A Woman’s Part in a Revolution by Natalie Hammond (Mrs. John Hays Hammond) , p.152 carries a description of Mark Twain’s visit to the prisoners in Pretoria, May 23, 1896 (see entry) [Tenney 26-7: The Twainian (Jan-Feb 1958, p.1-3)].
Cheiro’s Language of the Hand included a plate on p.167 of Mark Twain’s right hand, showing the lines. “Cheiro’s reading is not given, but MT’s response to it is on the second page of the Appendix (p. 224)”
[Tenney: “A Reference Guide Second Annual Supplement,” American Literary Realism, Autumn 1978 p. 169]. See entries MTDBD Vol. 2 on Cheiro.
Kings of the Platform and Pulpit by Melville D. Landon (“Eli Perkins”) included, “Mark Twain: Biography and Reminiscences,” p. 348-51. Anecdotal recollection by R.E. Morris of Hannibal. Tenney questions some of the references given [Tenney: “A Reference Guide Third Annual Supplement,” American Literary Realism, Autumn 1979 p. 185].
American Humourists, Recent and Living, by Robert Ford, London (1897) contains a chapter on Mark Twain (written in 1895; p. 32-60) and eighteen other humorists. Ford calls Artemus Ward “the foremost of American humorists, and the founder of a school which Mark Twain has continued and carried to unparalleled success…is far more able, more literary, more intellectual of the two…” Ford also claimed that Sam’s 1872 lectures in London had not caused “any particular stir, such as was created by Artemus Ward” [Google books online: accessed Sept. 18, 2010]. Tenney: “In a conventional discussion, much of it quotation from MT’s works, says he is indebted to Artemus Ward for his comic style of exaggeration and feigned solemnity, though ‘far more able, more literary, more intellectual.’ ‘He occupies a greater space in literature…being far and away the more accomplished man of letters, having a wider sweep of mental vision, and possessing a much more vividly imaginative intellect’” [MTJ Bibliographic Issue Number Four 42:1 (Spring 2004) p.7].
Famous Authors and the Best Literature of England and America, by William Wilfred Birdsall and Rufus M. Jones included “Samuel L. Clemens (Mark Twain),” p. 507-511. “A laudatory, conventional, and party accurate brief sketch of MT’s life and works precedes “Jim Smiley’s Frog” (only the frog tale), an excerpt from GA, and MT’s speech on “The Babies” (incomplete) [Tenney: “A Reference Guide Fourth Annual Supplement,” American Literary Realism, Autumn 1980 p. 173].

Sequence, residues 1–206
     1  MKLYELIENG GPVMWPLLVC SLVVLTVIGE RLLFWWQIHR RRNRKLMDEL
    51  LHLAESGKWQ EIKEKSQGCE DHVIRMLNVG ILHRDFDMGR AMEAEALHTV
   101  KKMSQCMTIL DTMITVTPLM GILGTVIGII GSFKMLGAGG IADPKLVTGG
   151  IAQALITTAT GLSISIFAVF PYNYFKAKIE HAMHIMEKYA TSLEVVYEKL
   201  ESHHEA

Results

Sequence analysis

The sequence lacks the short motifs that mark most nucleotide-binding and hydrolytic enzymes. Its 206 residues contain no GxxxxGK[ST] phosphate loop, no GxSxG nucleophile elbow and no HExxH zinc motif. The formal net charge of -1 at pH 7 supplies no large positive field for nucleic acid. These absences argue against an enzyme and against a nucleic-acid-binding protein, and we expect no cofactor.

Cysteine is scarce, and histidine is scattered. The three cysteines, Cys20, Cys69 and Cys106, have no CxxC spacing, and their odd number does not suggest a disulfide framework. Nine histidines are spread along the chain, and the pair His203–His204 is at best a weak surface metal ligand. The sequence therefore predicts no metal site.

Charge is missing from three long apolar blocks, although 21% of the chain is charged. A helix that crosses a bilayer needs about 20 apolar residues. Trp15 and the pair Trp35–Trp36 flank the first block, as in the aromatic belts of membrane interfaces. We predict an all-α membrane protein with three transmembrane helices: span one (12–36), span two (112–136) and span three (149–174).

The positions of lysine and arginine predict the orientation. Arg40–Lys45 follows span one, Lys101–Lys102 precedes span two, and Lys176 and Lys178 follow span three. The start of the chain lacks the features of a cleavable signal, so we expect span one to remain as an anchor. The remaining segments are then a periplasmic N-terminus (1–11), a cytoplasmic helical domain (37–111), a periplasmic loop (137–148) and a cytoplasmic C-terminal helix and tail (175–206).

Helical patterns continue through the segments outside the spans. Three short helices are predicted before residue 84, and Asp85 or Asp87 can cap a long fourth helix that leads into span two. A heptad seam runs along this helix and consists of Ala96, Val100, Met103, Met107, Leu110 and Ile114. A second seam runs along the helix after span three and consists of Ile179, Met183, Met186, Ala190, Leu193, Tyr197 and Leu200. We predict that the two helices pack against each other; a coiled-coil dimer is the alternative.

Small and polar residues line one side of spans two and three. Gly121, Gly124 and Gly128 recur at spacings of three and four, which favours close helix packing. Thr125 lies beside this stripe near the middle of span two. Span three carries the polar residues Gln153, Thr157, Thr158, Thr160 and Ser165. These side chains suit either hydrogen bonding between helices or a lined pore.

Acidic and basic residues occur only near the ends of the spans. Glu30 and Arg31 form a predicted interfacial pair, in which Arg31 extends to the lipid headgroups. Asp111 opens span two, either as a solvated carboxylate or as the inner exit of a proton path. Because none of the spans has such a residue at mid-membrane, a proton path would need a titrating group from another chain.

Sometime before Apr. 3, Johannes Brahms (1833-1897), German composer, pianist, wrote to Livy in
German expressing regret that he would be unable to accept their invitation for Sunday [MTP]. Note:
Brahms would die in Vienna on Apr. 3.
1896- 7 Winter – Several write-ups of an anecdote exist for James Abbott McNeil Whistler being taken in by Mark Twain over a painting. This by Wientraub places it during this winter and does not see it as their first meeting, as some do:
In the Fitzroy Street studio that winter Whistler had few visitors. He was still not ready for them. But there was one he did permit, an American then living at 23 Tedworth Square, Chelsea, whom almost no one knew as Samuel L. Clemens. “I was determined to get the better of him, if possible,” Mark Twain recalled. He put on his “most hopelessly stupid air,” and drew close to a canvas on which Whistler was working. “That ain’t bad,” he said. “It ain’t bad; only here in this corner”—and he pointed to an area of the picture with his finger—“I’d do away with that cloud if I were you.”
“Gad, sir,” Whistler cried out, “be careful there. Don’t you see the paint isn’t dry?”
“Oh, that don’t matter,” said Twain. “I’ve got my gloves on.” And after that they got along well together .
January – Sometime during the month Sam inscribed a copy of JA to Sir Samuel Swinton Jacob (1841-
1917), English architect, engineer, and writer; active in India:
SLC used mourning border for most letters from Susy’s death on, then from Livy’s death on.